The concluding chapter summarizes the book by foregrounding several sets of theoretical frameworks, such as globalization versus nationalism, nationalism versus neoliberalism, and non-state nationalism versus state-initiated developmental agenda. The sets of two seemingly opposite themes, as Nguyen-Thu shows here, are in fact mutually nested within each other.

The book is a compelling piece. If at all, though, the relative weakness of the book might lie in its methodology. While Nguyen-Thu systematically cites firsthand voices of people involved in the production of television programs, she draws much less rigorously on voices of consumers. Although the book’s meticulous examination of program contents makes a strong evidential base, one would naturally expect that the arguments about ordinary viewers’ reception of contents would have also been strengthened by interviews, commentaries, memoirs, or diaries.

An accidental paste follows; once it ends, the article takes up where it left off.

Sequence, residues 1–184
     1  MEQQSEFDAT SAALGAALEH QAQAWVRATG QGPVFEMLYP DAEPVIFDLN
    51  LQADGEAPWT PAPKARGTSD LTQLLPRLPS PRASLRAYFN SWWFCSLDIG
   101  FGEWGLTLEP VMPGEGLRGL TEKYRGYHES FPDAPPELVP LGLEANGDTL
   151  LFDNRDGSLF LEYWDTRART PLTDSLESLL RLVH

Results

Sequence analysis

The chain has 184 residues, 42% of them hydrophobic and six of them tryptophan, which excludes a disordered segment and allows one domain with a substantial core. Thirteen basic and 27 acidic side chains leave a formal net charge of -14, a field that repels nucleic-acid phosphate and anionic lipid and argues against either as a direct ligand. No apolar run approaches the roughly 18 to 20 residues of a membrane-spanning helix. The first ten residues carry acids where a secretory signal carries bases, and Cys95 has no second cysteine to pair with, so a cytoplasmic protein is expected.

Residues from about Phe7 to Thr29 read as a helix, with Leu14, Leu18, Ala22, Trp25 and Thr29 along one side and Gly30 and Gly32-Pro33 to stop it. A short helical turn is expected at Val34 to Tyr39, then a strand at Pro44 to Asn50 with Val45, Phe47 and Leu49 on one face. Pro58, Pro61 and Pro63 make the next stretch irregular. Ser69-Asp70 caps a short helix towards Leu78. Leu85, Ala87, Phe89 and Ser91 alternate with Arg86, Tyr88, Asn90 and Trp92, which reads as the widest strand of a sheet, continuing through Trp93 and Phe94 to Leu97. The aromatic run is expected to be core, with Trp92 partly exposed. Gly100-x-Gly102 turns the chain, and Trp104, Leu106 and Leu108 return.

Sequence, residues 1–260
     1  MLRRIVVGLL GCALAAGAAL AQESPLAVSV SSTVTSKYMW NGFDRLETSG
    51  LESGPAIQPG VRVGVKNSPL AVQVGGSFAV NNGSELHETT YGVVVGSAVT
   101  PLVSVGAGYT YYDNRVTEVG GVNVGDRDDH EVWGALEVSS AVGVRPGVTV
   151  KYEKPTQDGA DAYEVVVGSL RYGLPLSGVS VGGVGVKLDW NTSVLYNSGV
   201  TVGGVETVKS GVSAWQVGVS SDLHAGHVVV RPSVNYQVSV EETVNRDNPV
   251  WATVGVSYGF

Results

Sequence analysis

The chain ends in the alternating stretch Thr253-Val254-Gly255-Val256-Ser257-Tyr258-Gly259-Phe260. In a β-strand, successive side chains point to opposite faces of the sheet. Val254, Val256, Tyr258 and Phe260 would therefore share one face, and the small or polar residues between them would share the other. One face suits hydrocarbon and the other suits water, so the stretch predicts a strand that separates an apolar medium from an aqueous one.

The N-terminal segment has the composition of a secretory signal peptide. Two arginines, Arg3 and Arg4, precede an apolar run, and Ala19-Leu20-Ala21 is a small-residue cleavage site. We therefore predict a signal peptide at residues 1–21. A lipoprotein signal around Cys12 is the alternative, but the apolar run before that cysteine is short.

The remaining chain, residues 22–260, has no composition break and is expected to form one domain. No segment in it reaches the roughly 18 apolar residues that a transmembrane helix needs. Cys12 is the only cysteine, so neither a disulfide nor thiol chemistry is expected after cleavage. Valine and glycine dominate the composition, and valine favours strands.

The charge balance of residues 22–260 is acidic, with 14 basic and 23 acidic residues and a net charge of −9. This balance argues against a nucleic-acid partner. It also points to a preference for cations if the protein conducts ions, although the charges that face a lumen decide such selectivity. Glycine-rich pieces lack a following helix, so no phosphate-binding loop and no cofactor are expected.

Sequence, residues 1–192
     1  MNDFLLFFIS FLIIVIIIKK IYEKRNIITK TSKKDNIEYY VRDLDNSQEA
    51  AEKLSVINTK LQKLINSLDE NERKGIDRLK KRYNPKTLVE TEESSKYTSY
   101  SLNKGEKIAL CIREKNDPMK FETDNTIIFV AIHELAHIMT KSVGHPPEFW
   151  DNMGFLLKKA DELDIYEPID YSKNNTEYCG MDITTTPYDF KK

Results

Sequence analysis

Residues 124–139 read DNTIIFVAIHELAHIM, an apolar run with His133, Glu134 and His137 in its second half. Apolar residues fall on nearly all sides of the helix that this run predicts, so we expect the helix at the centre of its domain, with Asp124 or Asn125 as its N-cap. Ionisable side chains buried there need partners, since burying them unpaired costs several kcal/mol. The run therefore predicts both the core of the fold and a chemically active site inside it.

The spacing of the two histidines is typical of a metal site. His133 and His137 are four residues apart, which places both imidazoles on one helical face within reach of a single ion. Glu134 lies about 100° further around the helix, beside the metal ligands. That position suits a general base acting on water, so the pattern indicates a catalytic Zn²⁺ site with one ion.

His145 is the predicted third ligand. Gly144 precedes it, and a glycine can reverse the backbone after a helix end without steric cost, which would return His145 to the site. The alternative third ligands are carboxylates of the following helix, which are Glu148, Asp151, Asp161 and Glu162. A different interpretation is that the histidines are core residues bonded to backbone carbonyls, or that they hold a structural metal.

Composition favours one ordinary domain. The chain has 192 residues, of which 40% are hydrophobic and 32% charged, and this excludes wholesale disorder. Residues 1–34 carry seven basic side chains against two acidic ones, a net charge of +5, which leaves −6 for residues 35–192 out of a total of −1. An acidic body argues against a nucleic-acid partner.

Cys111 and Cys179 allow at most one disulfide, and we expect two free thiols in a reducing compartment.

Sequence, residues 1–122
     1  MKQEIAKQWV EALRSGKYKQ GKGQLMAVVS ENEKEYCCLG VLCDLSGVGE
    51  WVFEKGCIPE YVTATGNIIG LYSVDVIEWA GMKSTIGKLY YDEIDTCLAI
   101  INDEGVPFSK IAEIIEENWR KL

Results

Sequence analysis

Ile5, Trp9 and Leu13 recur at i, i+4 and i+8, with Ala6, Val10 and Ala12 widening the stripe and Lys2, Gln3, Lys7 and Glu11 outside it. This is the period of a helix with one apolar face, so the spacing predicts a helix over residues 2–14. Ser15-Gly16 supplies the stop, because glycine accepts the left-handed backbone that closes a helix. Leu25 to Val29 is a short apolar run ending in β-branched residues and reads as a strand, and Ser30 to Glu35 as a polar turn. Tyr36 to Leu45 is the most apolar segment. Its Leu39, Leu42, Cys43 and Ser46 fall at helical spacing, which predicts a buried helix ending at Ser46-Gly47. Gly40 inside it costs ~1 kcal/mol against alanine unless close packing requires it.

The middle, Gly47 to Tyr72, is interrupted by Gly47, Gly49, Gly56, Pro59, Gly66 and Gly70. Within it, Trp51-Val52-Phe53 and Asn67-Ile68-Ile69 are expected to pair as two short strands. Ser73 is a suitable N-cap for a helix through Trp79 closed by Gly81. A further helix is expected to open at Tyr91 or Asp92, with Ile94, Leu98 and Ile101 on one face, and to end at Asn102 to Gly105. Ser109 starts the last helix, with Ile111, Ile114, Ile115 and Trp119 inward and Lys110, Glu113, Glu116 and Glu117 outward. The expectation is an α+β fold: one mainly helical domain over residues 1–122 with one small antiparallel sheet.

Overall, this book provides colorful details and rich subtleties of how people in post-Reform Vietnam embraced their own lives and, in that process, underwent an important reordering of their nationalist sentiments, not through socialist heroism but through self-reflexive consumption of images and stories of ordinary and extraordinary lives of others. The personal is at the same time the national. For the reification of this imagined community, television played a pivotal role. This eye-opening book is recommended to anyone interested in understanding contemporary Vietnam, or post-authoritarian transitions in general.

Fujita Takanari 藤田高成
Department of Anthropology, University of Toronto


DOI: 10.20495/seas.11.2_331